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Most people get cataracts at some point in life – it’s a natural part of aging.3 But, did you know that cataracts can take an emotional toll, as you lose the ability to see the rich color and detail of life?
Luckily, there are treatment options available that can correct cataracts and may reduce the need for glasses at the same time. These options not only improve eye health, but also emotional well-being and overall quality of life.
Cataracts are one of the most common eye health conditions associated with aging. Today, more than 24 million Americans age 40 and older have cataracts.
To better understand the emotional journey of the condition and the lifestyle benefits of treatment, Alcon, the global leader in eye care and a division of Novartis, is releasing results from the annual My Cataracts survey, which gained insights from about 1,300 people age 60 and older who have undergone cataract surgery.
“In a survey last year, we discovered that most people do not fully understand cataracts, even though more than 24 million people in the US are affected by them,” said Jim DiFilippo, Vice President and General Manager, US Surgical, Alcon. “This year, we looked deeper into that knowledge gap to find that many people also don’t realize the real impact and drawbacks cataracts can have on their everyday lives.”
This year’s findings show:
- Many people surveyed report that cataracts make performing simple day-to-day activities more difficult;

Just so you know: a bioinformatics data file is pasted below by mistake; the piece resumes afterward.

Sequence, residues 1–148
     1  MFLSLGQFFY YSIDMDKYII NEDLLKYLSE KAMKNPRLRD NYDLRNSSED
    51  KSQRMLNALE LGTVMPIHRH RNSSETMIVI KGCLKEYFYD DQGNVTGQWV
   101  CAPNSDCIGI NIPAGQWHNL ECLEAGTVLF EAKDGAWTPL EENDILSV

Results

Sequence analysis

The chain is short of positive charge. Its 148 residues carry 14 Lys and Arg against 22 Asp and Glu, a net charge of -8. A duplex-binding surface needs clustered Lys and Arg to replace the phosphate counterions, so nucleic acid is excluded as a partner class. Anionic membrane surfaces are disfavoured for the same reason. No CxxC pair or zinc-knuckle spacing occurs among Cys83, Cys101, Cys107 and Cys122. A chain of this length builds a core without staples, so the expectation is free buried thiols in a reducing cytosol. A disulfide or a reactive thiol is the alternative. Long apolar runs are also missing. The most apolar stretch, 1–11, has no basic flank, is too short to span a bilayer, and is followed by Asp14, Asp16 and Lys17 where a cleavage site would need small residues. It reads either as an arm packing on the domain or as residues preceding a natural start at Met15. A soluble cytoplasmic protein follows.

- Cataracts bring about a range of emotions before and after surgery;
- There is a disconnect between people’s perception of life before cataract surgery and their experience after; and,
- Nearly all the people surveyed would recommend cataract surgery. 
Dr. Lawrence Woodard, consultant to Alcon and Medical Director of Omni Eye Services in Atlanta, is an expert on cataracts and educating patients about treatment options. He joined me to share more facts about cataracts and astigmatism, and the emotional impact of the eye health conditions. He also shared treatment options that can take care of cataracts and other eye health conditions like astigmatism at the same time.
Take a look at our chat below.
Make your vision a priority. To learn more, visit mycataracts.com.
Meet Our Guest
Dr. Lawrence Woodard is a board-certified ophthalmologist who serves as Medical Director of Omni Eye Services of Atlanta. He specializes in cataract surgery and corneal surgery. He graduated from Duke University School of Medicine, completed his internship at Mount Sinai Medical Center of Case Western Reserve University and his residency at the University of Pennsylvania’s Scheie Eye Institute. He is a Fellow of the American Academy of Ophthalmology, a founding member of the American College of Ophthalmic Surgery and a member of the American Society of Cataract and Refractive Surgery.
 My Cataracts Survey Results. 2017.